Slow first Realm Init on Cold Launch

I have this setup for initializing realm in my app (there are a bunch of time stamps because I’m going crazy trying to debug why it’s so slow).
I now notice that the only hang in this bit of code is when actually initializing Realm.
Between print("Calling realm init at: \(Date())") and print("Realm finished initializing at: \(Date())") it can take up to 30 seconds.

One thing to note is that this issue only affects cold launches. Warm launches work great. Is there anything i am doing wrong in my realm initialization?

public extension DispatchQueue {

    static let realmThread = DispatchQueue(
        label: "realmThread",
        qos: .background)
    
}
let config = user.configuration(partitionValue: "\(user.id)")
DispatchQueue.realmThread.async {
    do {
        try autoreleasepool {
            print("Calling realm init at: \(Date())") // Up to 30 seconds between here
            let realm = try Realm(configuration: config, queue: DispatchQueue.realmThread)
            print("Realm finished initializing at: \(Date())") // and here
            self.realm = realm
            print("Realm set into local property at: \(Date())")
            completionHandler(true, nil)
            print("Completion handler fired at: \(Date())")
        }

    } catch(let error) {
        print(error)
        print()
    }
}
1 Like

Background QoS is almost certainly not what you want. It’s intended for long-running low importance tasks than can be safely suspended indefinitely. In practice background QoS queues are not executed at all in low-power mode and typically only run on efficiency cores when they are executed, and the OS has a lot of low-importance background QoS work that you’re effectively yielding to.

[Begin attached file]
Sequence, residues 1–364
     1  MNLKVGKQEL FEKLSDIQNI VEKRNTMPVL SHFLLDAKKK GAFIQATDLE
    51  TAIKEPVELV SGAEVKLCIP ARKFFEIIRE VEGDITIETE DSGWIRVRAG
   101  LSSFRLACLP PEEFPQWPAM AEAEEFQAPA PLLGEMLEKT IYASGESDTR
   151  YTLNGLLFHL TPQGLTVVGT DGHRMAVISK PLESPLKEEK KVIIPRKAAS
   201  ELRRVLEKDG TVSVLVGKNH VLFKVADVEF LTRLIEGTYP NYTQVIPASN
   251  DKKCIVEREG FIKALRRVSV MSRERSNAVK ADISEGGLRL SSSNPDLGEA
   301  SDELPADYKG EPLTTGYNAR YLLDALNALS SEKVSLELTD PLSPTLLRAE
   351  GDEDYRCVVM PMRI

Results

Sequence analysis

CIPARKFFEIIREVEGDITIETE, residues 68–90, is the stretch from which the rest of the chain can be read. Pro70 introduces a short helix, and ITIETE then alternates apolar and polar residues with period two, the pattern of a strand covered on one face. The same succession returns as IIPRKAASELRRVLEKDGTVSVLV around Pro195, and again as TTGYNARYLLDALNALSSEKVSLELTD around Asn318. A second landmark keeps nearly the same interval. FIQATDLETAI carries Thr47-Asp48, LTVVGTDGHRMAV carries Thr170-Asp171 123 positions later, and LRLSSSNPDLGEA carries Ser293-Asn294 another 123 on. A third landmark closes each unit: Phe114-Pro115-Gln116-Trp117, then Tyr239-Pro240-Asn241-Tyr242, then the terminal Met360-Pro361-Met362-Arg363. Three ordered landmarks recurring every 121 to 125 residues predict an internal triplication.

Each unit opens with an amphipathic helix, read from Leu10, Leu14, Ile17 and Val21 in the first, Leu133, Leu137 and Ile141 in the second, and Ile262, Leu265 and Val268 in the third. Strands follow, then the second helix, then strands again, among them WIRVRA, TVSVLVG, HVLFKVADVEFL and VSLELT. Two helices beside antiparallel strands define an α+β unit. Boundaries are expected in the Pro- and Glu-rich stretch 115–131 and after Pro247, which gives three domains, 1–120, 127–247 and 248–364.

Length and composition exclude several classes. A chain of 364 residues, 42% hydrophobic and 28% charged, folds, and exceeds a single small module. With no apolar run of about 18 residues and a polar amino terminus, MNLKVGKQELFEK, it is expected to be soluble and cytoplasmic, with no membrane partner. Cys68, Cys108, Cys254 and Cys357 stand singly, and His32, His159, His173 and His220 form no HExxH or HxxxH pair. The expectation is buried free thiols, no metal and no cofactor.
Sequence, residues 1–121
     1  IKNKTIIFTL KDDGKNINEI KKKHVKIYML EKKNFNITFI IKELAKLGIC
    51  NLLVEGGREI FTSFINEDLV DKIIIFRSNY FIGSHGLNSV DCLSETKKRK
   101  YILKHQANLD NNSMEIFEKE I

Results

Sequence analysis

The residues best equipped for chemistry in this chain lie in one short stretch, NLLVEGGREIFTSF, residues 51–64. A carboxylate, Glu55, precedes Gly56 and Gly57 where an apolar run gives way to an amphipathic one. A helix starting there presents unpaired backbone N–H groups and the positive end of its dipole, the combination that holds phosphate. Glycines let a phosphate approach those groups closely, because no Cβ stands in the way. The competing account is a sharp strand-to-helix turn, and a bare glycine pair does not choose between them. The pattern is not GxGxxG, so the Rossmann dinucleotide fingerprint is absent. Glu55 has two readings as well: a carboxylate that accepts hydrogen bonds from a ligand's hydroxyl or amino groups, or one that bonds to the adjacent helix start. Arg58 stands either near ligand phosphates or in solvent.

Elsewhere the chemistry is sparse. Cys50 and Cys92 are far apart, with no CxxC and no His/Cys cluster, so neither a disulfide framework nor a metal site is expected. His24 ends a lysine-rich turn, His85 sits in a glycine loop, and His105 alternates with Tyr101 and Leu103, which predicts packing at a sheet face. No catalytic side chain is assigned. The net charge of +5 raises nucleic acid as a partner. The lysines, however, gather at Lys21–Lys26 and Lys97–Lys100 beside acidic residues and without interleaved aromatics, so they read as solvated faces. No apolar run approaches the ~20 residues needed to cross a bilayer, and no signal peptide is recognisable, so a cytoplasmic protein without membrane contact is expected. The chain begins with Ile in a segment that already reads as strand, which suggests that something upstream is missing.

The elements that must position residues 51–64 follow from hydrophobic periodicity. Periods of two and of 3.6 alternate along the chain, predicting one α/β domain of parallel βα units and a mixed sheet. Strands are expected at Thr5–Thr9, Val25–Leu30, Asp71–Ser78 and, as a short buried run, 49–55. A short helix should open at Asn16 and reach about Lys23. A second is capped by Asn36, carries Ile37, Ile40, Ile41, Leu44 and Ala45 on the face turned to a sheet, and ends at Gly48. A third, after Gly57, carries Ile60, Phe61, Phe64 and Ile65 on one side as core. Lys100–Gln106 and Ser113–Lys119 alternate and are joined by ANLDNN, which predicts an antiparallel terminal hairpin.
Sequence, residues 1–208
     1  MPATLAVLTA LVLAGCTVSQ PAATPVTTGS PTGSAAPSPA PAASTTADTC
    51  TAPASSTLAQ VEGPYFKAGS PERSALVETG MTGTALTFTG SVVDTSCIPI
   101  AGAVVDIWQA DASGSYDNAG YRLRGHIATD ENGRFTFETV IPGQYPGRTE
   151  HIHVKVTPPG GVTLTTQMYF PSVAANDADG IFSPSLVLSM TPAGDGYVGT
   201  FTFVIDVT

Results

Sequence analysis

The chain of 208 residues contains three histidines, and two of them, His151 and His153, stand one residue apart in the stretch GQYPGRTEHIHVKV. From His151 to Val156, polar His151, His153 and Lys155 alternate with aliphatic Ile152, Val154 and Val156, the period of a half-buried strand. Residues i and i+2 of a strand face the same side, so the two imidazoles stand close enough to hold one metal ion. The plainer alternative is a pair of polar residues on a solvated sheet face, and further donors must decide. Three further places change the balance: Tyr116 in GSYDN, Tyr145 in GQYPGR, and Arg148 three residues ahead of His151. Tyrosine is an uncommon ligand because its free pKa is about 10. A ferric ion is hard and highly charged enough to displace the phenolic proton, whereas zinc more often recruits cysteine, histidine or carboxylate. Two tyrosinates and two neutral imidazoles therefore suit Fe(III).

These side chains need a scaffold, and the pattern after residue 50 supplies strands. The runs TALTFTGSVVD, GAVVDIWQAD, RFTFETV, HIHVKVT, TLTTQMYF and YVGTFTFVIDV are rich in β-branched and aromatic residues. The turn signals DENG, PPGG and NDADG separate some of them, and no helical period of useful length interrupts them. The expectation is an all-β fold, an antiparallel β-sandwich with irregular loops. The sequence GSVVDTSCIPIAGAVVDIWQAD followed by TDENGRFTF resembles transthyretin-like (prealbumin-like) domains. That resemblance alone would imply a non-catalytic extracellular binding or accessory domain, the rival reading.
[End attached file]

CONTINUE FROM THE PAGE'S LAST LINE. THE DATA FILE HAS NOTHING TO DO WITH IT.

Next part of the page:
Energy Efficiency Guide for iOS Apps: Prioritize Work with Quality of Service Classes has a decent description of what the QoS levels mean, but the short summary is that anything which will hard block the main thread until it’s done should be User-interactive, short background tasks should be User-initiated, and Utility is for background tasks where showing a progress bar is appropriate. Background is for long-running tasks where showing a progress bar doesn’t make sense because the user doesn’t care when it completes or that it’s running.

3 Likes

Thank you, this absolutely makes a ton of sense and completely solved my problem. Much obliged!

1 Like

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